by Cat Lazaroff
(ENS) WASHINGTON --
will have easier access to federal courts in zoning disputes and other conflicts over land use if a bill passed by the U.S. House of Representatives Thursday becomes law. Critics of the bill, including members of the Clinton administration, say it will allow developers to override local decisions to curb sprawl.
The bill would let landowners take disputes over land "takings" directly to federal courts, without a prior hearing in state courts. The Fifth Amendment to the Constitution bars the taking of private property for public use without just compensation. Landowners have used this provision to demand compensation when federal laws such as the Endangered Species Act prevent them from developing their property.
The House bill known as the "Property Rights Implementation Act," [H.R.2372] which passed 226-182, argues that it is unjust to require property owners to spend years battling with local and state authorities before getting a federal hearing.
"Property rights claims are subjected to second class treatment," said Representative Charles Canady, Republican of Florida, who wrote the bill. "That is the truth and we need to change it."
"Those citizens who have had their constitutional rights violated have a right to their day in court," he said.
But the Clinton administration has said the President will veto the bill, because it would "harm neighboring property owners, weaken local public health, safety and environmental protections and lower the quality of life" in communities by undermining the authority of local officials. The bill "would improperly and seriously interfere with needed property rights protections at all levels of government, especially local protections for neighborhoods and communities," the White House said.
Vice President Al Gore said that "by creating a threat of expensive litigation that would favor the wealthy developer over the common homeowner," the legislation would compromise the rights of communities to choose what kind of development to permit.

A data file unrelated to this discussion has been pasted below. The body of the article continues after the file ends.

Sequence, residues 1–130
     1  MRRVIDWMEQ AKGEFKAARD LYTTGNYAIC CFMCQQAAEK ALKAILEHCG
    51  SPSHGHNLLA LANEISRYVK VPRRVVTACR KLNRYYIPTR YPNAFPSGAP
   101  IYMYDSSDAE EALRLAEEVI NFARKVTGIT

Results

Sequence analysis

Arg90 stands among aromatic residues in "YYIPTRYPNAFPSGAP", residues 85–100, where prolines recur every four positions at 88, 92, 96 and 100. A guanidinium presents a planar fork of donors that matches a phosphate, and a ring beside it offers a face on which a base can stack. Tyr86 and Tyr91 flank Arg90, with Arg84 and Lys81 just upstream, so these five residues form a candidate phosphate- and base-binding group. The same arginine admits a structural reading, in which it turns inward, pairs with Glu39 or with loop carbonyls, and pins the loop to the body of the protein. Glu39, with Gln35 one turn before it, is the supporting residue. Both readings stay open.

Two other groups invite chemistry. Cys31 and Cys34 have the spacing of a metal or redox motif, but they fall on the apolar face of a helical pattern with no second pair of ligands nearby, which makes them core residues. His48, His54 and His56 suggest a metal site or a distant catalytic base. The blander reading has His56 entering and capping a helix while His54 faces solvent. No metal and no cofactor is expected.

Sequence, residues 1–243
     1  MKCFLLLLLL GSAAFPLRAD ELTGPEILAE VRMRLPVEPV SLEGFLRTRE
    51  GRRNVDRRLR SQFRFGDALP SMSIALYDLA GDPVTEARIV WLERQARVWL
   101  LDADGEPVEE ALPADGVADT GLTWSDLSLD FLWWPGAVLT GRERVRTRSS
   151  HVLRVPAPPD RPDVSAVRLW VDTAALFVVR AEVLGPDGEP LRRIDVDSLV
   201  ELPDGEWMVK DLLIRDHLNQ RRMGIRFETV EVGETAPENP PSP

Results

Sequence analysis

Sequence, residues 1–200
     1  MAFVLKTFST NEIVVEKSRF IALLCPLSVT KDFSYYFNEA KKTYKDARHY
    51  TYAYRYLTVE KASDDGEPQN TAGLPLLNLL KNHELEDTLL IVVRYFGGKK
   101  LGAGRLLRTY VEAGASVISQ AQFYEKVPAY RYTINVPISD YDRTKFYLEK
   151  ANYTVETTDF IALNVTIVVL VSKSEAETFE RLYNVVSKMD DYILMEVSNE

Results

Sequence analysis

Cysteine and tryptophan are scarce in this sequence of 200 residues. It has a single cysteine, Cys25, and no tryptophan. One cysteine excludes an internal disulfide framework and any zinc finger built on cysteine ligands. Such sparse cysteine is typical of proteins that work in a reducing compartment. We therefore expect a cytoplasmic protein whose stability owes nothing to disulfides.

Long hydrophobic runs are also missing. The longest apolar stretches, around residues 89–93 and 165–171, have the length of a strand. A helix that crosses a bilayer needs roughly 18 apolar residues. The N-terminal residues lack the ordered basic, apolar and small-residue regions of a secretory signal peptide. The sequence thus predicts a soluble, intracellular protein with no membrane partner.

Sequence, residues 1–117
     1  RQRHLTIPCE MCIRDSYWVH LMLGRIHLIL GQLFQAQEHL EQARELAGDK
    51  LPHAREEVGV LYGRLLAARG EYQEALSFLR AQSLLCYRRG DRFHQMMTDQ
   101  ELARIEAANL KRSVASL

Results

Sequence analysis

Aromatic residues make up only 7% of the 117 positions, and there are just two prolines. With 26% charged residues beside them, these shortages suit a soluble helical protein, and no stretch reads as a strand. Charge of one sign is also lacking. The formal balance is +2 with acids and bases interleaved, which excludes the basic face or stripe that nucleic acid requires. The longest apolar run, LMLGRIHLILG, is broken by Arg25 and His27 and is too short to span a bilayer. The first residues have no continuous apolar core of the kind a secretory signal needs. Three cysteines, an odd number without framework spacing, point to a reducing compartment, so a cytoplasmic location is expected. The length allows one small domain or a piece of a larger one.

and consumer groups oppose the bill, as do some state coalitions including the Conference of Chief Justices, the National Association of Counties and the National League of Cities. The giant coalition of labor unions AFL-CIO and the U.S. Catholic Conference have also spoken out against the bill.
"It is very disappointing that anti-environmental leaders in Congress voted to help developers override local protections against sprawl," said Deron Lovaas of the Sierra Club’s Challenge to Sprawl Campaign. "We should be providing cities, counties and states with more power to curb suburban sprawl, not less. The so-called Private Property Rights Implementation Act heads in the wrong direction and goes against what Americans say they want."
The Sierra Club says House Majority Whip Tom Delay, Republican of Texas, has "made it clear that he will use this bill to gauge support for other, broader property rights legislation designed to undo environmental safeguards."
"Members of Congress who voted for this bill have made it clear that there will be future attacks on the environment," said Lovaas. "People should be concerned that their right to decide how their communities are shaped is being taken away from them. Citizens, not special interests, should have the final say about putting the brakes on suburban sprawl."
Representative Sherwood Boehlert, Republican of New York, led the battle in the House against the bill, calling it "the most egregious attack on local zoning prerogatives in the history of the republic."
Canady’s legislation would allow wealthy developers to sidestep local authorities by shifting land disputes to federal court, Boehlert said.
"This bill disempowers citizens and their towns, cities and counties and skews local zoning rules to give developers the upper hand," said Boehlert.
A competing version of the bill, drafted by Boehlert, would have given landowners ready access to federal courts in federal land disputes, but would have prevented developers from appealing local land use decisions in federal courts. That bill was defeated by a 234 to 179 vote.
March 27, 2000 (http://www.monitor.net/monitor) All Rights Reserved. Contact firstname.lastname@example.org for permission to use in any format.
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